CCTV.comU.S. employers stepped up hiring in October, creating more than 170-thousands jobs according to the latest data released by the Labor Department. And there was only a small increase in the jobless rate due to more workers restarting their job hunts. The data is seen as a hopeful sign for a lackluster US economy that has been a drag on President Barack Obama’s re-election bid. With the economy at the center of the campaign, the latest jobs figures were crucial for many who were still undecided. On Friday, the US Labor Department announced that the US added 171,000 jobs in October. The jobless rate at one time had peaked at 10 percent. Now it has edged up a tenth of a point to 7.9 percent, though that was due to workers surging back into the labor force, as only people who are looking for a job count as unemployed. The employment data issued on Friday is considered as the last major report card on the economy before Tuesday’s presidential election. Polls show US President Barack Obama and Republican challenger Mitt Romney locked in a dead heat in a race that has centered on one major issue, job creation. President Obama said the report showed the US economy was moving in the right direction. Calling it "real progress", he talked to a rally in Hilliard, Ohio during the final days of his presidential campaign. Barack Obama, US President, said, "In 2008, we were in the middle of two wars and the worst economic crisis since the great depression. And today our businesses have created nearly five and a half million new jobs and this morning we learned that companies hired more workers in October than at any time in the last eight months." However, Republican presidential candidate Mitt Romney says the slight increase in the unemployment rate to 7.9 percent shows the economy continues to struggle. He argues that Obama’s policies have crushed the American economy and that the nation could have done better. Mitt Romney, Republican presidential candidate, said, "Four years ago candidate Obama promised to do so very much but he’s fallen so very short. He said he was going to lower the unemployment rate down to 5.2 percent right now. Today we learned that it’s actually 7.9 percent and that’s nine million jobs short of what he promised. Unemployment is higher today than when Barack Obama took office. " Romney made the comments in a statement while campaigning in Wisconsin, one of the key battleground states. But some argue that the impact of the report on the Nov. 6 election could be muted as most voters’ perceptions on the economy are likely mostly fixed by now. With the stepped-up pace of job creation, the U.S. economy is still facing the real threat of a renewed recession probably next year. In front of the next US president, there is still a long way to go before a booming economy returns.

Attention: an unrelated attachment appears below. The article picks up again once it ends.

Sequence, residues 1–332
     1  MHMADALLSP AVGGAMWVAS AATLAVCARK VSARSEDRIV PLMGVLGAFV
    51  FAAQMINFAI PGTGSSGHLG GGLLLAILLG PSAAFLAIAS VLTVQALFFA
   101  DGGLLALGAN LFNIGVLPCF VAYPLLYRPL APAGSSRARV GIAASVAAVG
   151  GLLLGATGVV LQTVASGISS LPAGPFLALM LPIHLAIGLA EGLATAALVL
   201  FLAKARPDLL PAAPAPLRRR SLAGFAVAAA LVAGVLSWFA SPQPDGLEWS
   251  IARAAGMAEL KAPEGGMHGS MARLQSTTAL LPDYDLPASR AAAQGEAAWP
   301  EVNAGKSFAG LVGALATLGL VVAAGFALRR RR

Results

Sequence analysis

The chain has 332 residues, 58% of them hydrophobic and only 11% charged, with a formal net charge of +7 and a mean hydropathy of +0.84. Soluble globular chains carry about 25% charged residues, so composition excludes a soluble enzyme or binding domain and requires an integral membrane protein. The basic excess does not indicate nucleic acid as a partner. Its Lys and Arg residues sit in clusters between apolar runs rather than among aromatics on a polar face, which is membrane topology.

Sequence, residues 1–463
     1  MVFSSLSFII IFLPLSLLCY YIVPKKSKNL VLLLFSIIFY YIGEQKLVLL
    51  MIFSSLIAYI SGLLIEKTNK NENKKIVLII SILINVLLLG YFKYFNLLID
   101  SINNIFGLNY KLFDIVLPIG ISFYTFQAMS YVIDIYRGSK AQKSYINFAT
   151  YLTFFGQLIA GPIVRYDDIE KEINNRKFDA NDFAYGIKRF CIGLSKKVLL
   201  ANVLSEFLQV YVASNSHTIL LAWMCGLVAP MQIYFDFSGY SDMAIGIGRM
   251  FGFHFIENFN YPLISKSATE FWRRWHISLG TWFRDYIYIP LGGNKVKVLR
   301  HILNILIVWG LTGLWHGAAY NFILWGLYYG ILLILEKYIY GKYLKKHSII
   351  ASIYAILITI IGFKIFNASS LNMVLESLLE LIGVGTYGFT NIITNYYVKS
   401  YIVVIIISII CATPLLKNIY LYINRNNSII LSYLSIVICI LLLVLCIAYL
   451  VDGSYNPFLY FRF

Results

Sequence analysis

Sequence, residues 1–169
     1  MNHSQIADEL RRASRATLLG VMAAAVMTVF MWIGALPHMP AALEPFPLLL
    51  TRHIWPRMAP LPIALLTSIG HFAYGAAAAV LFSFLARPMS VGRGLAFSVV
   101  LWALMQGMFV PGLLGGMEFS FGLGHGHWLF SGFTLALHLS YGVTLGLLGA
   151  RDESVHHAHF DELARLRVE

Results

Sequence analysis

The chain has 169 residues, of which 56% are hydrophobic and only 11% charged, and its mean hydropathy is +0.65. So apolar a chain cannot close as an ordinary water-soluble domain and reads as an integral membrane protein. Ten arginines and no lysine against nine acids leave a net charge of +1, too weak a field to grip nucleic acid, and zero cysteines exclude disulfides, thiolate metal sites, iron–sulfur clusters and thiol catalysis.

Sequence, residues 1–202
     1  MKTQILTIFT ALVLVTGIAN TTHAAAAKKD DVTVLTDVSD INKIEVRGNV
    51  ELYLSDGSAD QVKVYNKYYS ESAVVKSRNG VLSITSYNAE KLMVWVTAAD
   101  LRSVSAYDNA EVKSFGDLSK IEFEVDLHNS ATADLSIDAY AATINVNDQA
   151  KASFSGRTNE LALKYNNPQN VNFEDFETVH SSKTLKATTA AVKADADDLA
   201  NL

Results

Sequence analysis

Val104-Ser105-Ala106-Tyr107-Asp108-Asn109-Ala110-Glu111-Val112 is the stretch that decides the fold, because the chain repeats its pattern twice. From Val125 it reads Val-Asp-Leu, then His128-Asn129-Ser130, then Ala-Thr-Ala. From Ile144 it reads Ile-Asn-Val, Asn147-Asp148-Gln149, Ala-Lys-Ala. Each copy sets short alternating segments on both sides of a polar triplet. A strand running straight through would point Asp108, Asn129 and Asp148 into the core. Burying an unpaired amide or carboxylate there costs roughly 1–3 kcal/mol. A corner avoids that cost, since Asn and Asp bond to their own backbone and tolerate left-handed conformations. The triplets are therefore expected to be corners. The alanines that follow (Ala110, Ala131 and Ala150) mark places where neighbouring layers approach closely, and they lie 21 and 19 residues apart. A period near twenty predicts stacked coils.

In this week's address, President Obama thanks the brave first responders and National Guardsmen for their tireless work following one of the worst storms in our nation's history, and reassures the millions of Americans affected by Hurricane Sandy that their country will be there for them during the long road to recovery.